“FanDuel, no matter what happens, will stick to its guns. I don’t think they really care if they lost 2% market share this month. Profitability is more important to investors right now,” Bender said. “When they want to put their foot on the gas, we’ve seen that it results in market share, but they want to put themselves in the right place when they do that.”

Product capabilities mature post-NFL

Beynon pointed to the DraftKings product coming together at the right time.

“The industry has continued to generate revenues ahead of expectations, partly thanks to this continuous movement towards single game parlays and the casual gambler. That started back in football season, mainly with FanDuel. And DraftKings has done a nice job kind of catching up,” Beynon said.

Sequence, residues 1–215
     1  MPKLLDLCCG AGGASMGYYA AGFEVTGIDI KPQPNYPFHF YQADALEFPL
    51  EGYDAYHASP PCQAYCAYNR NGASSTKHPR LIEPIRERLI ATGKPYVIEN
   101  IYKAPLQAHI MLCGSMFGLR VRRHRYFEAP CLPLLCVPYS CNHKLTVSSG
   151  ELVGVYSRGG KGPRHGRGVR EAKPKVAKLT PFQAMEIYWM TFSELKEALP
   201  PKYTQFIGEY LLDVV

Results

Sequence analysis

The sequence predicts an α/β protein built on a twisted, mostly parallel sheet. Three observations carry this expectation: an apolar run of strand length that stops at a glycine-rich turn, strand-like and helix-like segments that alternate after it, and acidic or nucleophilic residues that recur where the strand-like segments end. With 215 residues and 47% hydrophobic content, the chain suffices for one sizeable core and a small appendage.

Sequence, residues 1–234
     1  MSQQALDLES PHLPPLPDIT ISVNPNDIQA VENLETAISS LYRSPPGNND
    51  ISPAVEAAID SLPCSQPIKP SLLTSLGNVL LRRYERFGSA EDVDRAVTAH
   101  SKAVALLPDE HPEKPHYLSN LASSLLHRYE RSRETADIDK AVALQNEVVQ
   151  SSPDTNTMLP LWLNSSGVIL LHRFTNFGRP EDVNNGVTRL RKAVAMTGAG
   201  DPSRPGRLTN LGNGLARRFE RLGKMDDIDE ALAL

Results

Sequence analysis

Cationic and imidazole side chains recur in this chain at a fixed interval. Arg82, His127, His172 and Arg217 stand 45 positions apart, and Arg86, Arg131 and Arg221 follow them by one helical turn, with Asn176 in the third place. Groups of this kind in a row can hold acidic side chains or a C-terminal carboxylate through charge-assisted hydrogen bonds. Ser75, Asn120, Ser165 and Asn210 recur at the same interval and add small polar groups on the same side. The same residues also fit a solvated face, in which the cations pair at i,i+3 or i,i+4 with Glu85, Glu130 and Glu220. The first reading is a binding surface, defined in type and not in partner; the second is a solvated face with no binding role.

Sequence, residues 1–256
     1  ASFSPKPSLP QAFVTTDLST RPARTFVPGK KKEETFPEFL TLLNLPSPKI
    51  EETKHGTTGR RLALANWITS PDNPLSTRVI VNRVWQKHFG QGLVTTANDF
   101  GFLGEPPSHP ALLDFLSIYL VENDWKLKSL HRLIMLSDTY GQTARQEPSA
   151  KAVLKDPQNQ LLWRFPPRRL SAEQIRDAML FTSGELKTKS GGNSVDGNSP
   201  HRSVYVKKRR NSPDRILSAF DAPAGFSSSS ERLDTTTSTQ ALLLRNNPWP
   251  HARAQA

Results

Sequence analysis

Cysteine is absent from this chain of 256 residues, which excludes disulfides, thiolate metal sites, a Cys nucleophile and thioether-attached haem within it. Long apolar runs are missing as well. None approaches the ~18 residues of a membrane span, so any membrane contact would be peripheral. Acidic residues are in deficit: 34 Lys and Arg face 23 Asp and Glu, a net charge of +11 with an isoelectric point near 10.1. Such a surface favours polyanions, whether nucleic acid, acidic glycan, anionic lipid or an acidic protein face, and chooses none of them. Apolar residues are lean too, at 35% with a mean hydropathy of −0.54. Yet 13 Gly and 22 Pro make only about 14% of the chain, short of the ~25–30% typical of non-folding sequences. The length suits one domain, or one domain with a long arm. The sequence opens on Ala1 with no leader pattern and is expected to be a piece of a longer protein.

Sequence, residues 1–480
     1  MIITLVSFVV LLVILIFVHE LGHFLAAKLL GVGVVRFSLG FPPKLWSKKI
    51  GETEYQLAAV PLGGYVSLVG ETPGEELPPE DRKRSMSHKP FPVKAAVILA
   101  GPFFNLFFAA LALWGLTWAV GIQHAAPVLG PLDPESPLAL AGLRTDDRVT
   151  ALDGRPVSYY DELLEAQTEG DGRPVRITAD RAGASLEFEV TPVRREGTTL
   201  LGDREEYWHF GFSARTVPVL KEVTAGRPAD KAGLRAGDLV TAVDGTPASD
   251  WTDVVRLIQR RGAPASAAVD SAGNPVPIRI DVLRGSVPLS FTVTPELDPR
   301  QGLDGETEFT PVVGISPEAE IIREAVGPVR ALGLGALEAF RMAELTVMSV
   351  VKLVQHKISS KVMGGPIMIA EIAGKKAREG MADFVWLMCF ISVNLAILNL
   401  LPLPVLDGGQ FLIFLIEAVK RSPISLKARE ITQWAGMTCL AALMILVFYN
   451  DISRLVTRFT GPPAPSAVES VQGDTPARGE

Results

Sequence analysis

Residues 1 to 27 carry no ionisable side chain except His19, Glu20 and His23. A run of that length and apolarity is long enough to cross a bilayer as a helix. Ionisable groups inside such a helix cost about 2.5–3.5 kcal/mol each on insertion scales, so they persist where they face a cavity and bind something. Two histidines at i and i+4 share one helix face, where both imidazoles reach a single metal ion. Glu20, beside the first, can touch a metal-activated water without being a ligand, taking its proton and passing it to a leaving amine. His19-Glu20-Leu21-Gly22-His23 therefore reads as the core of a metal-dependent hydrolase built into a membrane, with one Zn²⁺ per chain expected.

He added that the menu of betting options has become much closer between the two market-share leaders as DraftKings has become more comfortable with the in-house platform it acquired in its 2019 merger with SBTech and fully transitioned to during football season last year.

Bender echoed that sentiment:

“The product lagged FanDuel for several years, and now, with the investments they’ve made, that’s gotten a lot better. They launched many features during football season and got stronger throughout, but the NFL is ultra-competitive from an operator standpoint.

“There’s an element of seasonality here. As NBA and NHL rolled around, they were able to maintain that momentum, offer more products and price better, quicker. It looks to be all coming together for them.”

LSR reporter Matthew Waters contributed to this article.